Back in May 1969, we moved into our brand new house on Vulcan Close, Roundshaw. On the same day, our new neighbours moved in as well. There were lots of similarities in the two families; we were both families of four, with a girl and a boy. The girls were older. Both of the families were from a similar area; we came from Camberwell, they came from Brixton and the girls had the same names. We were both called Debbie. All that became the basis of a lifelong friendship.
We were Debbie Faulkner and Debbie Coppin and went on to be known as “The Two Debbies!” We both started at Roundshaw Primary School on the same day and walked the same journey every day together, until we left and went to different senior schools.
I can’t say our friendship was uneventful. There was the odd argument; it was mainly about whom was the best looking pop star. I said David Cassidy and she was always for Donny Osmond! We shared everything; music, clothes, homes, mums, and on occasion in later years, boyfriends, although not at the same time!!!
As the years went by, we went off and did our own thing but were always there for each other. We were each other’s Bridesmaid, supported each other for the births of our children, and as we moved away from Roundshaw, we still kept in touch with each other and were always at the end of the phone. In fact when Instone Close was demolished, Debbie phoned me as it was happening and we were both in tears as it felt like our childhood was being demolished.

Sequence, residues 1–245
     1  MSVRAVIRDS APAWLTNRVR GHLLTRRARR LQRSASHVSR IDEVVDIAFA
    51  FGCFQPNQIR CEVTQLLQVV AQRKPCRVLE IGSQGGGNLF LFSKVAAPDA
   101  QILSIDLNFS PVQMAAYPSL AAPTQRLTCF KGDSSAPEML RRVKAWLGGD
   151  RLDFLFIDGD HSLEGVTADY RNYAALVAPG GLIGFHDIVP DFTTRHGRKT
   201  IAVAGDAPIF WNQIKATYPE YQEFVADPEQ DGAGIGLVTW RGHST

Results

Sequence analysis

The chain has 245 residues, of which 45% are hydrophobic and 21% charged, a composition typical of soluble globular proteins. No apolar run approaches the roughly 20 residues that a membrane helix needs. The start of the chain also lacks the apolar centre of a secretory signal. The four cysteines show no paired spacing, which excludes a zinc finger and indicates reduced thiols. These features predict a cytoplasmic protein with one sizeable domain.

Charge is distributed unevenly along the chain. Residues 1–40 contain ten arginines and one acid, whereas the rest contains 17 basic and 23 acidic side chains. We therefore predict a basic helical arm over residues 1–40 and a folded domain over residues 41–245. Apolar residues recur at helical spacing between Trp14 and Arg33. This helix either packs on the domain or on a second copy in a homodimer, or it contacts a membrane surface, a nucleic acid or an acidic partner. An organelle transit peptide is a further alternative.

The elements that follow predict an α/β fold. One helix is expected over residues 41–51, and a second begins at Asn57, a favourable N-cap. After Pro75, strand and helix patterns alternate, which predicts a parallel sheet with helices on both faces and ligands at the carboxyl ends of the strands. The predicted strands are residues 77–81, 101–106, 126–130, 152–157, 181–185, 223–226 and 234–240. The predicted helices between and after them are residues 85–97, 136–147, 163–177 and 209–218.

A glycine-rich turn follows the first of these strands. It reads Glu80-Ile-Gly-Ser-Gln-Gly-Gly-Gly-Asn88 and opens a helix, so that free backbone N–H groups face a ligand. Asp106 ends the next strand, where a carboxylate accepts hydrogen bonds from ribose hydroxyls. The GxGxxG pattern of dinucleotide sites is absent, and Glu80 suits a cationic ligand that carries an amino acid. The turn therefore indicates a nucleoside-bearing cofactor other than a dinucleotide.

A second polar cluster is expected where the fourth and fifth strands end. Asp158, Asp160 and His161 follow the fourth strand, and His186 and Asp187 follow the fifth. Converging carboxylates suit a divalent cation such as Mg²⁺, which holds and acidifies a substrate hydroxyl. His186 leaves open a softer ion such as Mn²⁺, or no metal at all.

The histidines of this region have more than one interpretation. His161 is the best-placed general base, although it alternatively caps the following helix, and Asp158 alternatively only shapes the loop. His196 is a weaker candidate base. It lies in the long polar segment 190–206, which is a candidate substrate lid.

I now live in Basingstoke, and as for Debbie, she moved around a fair bit, trying out Milton Keynes for a little while but coming back to Carshalton and eventually moving back to Roundshaw – she came home.
For me Roundshaw gave me my best friend. We met when we were nine and we are still best friends at the age of 53. I call her the angel on my shoulder, as on 22nd September 2007, Debbie passed away at the age of 47 and part of me died with her. But our life together would not have happened if it hadn’t been for Roundshaw, and for me, it was always a great place to have grown up. In recent times I have found many old friends and when we get together, the years that have passed just melt away. I wish that my own children could have lived in a place like Roundshaw, where we had freedom to grow but a hundred “aunties” if we needed help. So thank you Roundshaw for the memories and the great life we had: the lifelong friends and my best friend. I think of you with a smile on my heart and a tear in my eye.
By Debbie Gould 2013.